Phytoplankton off the West Coast of Africa
Just off the coast of West Africa, persistent northeasterly trade winds often churn up deep ocean water. When the nutrients in these deep waters reach the ocean’s surface, they often give rise to large blooms of phytoplankton. This image of the Mauritanian coast shows swirls of phytoplankton fed
by the upwelling of nutrient-rich water. The scene was acquired by
the Medium Resolution Imaging Spectrometer (MERIS) aboard the European Space Agency’s ENVISAT. MERIS will monitor changes in phytoplankton across Earth's oceans and seas, both for the purpose of managing fisheries and conducting global change research.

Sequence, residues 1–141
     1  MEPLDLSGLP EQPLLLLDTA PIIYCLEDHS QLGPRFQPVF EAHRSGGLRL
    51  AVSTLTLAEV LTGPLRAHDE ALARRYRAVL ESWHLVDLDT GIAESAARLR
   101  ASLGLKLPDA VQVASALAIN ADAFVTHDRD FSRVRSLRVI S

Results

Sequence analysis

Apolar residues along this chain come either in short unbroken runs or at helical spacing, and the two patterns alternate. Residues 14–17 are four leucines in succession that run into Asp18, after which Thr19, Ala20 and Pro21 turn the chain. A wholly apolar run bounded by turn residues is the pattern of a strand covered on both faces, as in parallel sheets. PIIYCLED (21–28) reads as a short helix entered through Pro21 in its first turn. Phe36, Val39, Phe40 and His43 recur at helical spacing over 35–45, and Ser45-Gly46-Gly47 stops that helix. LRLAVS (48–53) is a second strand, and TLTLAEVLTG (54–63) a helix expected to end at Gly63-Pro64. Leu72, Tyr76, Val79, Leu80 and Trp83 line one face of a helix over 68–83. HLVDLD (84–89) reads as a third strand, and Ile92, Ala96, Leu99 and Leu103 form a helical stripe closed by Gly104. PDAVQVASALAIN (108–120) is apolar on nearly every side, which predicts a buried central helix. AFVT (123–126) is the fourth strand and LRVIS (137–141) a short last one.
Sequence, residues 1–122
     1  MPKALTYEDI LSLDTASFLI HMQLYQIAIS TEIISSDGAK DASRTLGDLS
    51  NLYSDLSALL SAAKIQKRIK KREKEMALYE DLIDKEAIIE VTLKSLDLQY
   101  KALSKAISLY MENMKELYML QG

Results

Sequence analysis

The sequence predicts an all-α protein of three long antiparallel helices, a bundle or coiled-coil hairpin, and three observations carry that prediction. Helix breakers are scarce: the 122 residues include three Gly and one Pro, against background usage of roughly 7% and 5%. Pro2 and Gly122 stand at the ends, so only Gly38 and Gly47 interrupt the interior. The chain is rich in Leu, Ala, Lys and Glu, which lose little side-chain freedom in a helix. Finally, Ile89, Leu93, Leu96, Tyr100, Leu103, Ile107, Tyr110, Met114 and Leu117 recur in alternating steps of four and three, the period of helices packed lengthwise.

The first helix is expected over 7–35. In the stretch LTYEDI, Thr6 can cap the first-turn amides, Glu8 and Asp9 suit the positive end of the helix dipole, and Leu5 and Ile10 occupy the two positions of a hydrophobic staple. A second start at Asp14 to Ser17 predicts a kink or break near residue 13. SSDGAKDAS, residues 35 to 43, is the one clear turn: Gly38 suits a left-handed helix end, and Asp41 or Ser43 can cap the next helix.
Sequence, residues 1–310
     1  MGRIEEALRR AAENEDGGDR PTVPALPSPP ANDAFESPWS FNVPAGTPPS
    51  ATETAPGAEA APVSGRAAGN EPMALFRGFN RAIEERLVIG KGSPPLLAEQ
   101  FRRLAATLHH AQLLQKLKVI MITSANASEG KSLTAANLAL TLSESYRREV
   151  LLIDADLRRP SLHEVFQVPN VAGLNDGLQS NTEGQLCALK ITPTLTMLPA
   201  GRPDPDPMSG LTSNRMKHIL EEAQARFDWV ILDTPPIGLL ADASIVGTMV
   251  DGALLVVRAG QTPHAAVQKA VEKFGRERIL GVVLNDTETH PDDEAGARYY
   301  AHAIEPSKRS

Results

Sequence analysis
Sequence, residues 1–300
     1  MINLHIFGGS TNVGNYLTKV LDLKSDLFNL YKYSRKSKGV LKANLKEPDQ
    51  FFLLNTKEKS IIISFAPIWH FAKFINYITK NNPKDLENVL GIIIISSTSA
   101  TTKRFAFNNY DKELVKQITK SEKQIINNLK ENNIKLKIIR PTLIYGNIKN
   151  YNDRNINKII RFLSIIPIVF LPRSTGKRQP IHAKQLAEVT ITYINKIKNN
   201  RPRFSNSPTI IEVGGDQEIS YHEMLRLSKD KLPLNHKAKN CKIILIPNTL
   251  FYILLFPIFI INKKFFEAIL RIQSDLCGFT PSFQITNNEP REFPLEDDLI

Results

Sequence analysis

NASA scientists will use data from this European instrument in the Sensor
Intercomparison and Merger for Biological and Interdisciplinary Oceanic Studies (SIMBIOS)
program. The mission of SIMBIOS is to construct a consistent long-term dataset of
ocean color (phytoplankton abundance) measurements made by multiple satellite instruments,
including the Sea-viewing Wide Field-of-view Sensor (SeaWiFS) and the Moderate-Resolution
Imaging Spectroradiometer (MODIS).
For more information about MERIS and ENVISAT, visit the ENVISAT home page.
This image originally appeared on the Earth Observatory. Click here to view the full, original record.